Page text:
In this third book in the Amgash series, protagonist Lucy Barton has recently gone through the death of her second husband, David. She relates the story of her marriages, focused on her first husband, William Gerhardt, father of her two grown daughters. Lucy, age sixty-three, is an accomplished writer. Her seventy-one-year-old ex-husband is a research scientist. William’s young third wife, Estelle, has recently left him and taken their ten-year-old daughter with her. William makes a discovery concerning a family secret and asks Lucy to accompany him to Maine. Lucy has maintained a good relationship with William and welcomes the distraction from her grief.

The slim plot of this book is secondary to the characters. It is told in first person by Lucy. As in many of Strout’s books, it is filled with observations on life, and how people relate to each other. Lucy engages in self-analysis, attempting to understand her deep attachment to her ex-husband despite some of the significant issues they had during their marriage. Lucy’s introspections wander to her abusive parents, impoverished childhood, and loneliness. As Lucy states, “on some very fundamental level, I feel invisible in this world."

I recommend reading the first book, My Name Is Lucy Barton, prior to Oh William. The second book, Anything Is Possible, consisting of interrelated short stories, is supplementary and, in my opinion, not essential to appreciate the Lucy Barton story. This is my favorite of the three. It will appeal to those who enjoy quiet books about interpersonal connections.
( )
  Castlelass | Oct 30, 2022 |
Ms. Strout never lets me down. What a joy to read about this relationship, one we rarely see represented anywhere, between loving and supportive ex-spouses/co-parents of adult children. And through that relationship we learn so much about so many other relationships. We see the contentment of Lucy's relationship with her second husband, recently deceased. We see the joyful relationship Lucy shares with her daughters and the complicated relationship with her late mother-in-law, who understood Lucy even more than she had previously realized. We ride alongside Lucy as she continues to reckon with her horrible childhood and as she begins to give herself credit for the successful life she built having come from dirt. Also, we have an interesting adventure with Lucy and ex-husband William. Strout writes gentle stories about non-gentle things. Here we look at grief of several types stemming the loss of a parent, a spouse, a career, a dream of parenting, and of the illusions that form parts of our identities. Strout addresses the corrosive effect of secrets held and revealed, and the danger of assumption. She sees and understands people in a way few authors (few humans) really do. I learn from her with every book and I treasure the time I spend with her.

If you have not read the earlier Lucy books, or at very least the first, My Name is Lucy Barton, I would say this is not the place to start. I think it might work as a stand-alone, but I expect you will get about 50% of the pleasure and power of this book without the backstory. With the backstory, it was just about perfect. ( )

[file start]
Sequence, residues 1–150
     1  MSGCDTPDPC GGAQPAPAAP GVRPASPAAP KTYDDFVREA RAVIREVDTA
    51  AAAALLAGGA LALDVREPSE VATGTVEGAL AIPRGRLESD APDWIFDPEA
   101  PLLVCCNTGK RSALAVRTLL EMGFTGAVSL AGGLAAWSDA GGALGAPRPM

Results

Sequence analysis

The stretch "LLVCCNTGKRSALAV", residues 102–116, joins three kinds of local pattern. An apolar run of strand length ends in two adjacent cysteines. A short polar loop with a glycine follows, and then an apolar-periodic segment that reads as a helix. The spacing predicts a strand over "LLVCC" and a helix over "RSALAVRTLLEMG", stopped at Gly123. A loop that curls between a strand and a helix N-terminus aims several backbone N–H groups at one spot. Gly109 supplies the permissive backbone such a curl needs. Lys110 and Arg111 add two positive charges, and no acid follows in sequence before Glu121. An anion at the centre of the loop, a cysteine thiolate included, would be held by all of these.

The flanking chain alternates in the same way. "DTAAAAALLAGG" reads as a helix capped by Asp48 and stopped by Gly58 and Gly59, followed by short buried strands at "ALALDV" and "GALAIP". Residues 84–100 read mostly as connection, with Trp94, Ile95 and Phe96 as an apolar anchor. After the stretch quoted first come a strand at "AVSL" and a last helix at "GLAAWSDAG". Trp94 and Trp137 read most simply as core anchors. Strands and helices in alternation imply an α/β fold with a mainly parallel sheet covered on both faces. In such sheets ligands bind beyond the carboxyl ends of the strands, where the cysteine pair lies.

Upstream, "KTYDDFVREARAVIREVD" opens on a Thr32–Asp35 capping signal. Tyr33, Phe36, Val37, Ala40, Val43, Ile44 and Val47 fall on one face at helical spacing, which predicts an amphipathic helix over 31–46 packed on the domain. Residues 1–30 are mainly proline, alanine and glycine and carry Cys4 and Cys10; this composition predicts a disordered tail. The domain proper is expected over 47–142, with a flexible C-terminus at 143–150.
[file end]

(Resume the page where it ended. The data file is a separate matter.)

1 vote Narshkite | Oct 3, 2022 |
Showing 1-5 of 77 (next | show all)
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Epigraph
Dedication
This book is dedicated to my husband,
                  Jim Tirrney
And to anyone who needs it—-this is for you
First words
I would like to say a few things about my first husband, William.
Quotations
What a strange thing life is.
This is the way of life: the many things we do not know until it is too late.
I turned and I said, "How are your night terrors these days, William?"
William opened his hand and said, "They're gone." Then he added, "My life got worse, so they stopped."
Mommy, I cried inside myself, Mommy, I am so frightened!
And the nice mother I have made up over the years answered: Yes, I know.
If you have not been there, you cannot know.
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(Click to show. Warning: May contain spoilers.)
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Pulitzer Prize winner Elizabeth Strout explores the mysteries of marriage and the secrets we keep, as a former couple reckons with where they've come from--and what they've left behind.  "Elizabeth Strout is one of my very favorite writers, so the fact that Oh William! may well be my favorite of her books is a mathematical equation for joy. The depth, complexity, and love contained in these pages is a miraculous achievement."--Ann Patchett, author of The Dutch House I would like to say a few things about my first husband, William.  Lucy Barton is a writer, but her ex-husband, William, remains a hard man to read. William, she confesses, has always been a mystery to me. Another mystery is why the two have remained connected after all these years. They just are.  So Lucy is both surprised and not surprised when William asks her to join him on a trip to investigate a recently uncovered family secret--one of those secrets that rearrange everything we think we know about the people closest to us. What happens next is nothing less than another example of what Hilary Mantel has called Elizabeth Strout's "perfect attunement to the human condition." There are fears and insecurities, simple joys and acts of tenderness, and revelations about affairs and other spouses, parents and their children. On every page of this exquisite novel we learn more about the quiet forces that hold us together--even after we've grown apart.  At the heart of this story is the indomitable voice of Lucy Barton, who offers a profound, lasting reflection on the very nature of existence. "This is the way of life," Lucy says: "the many things we do not know until it is too late."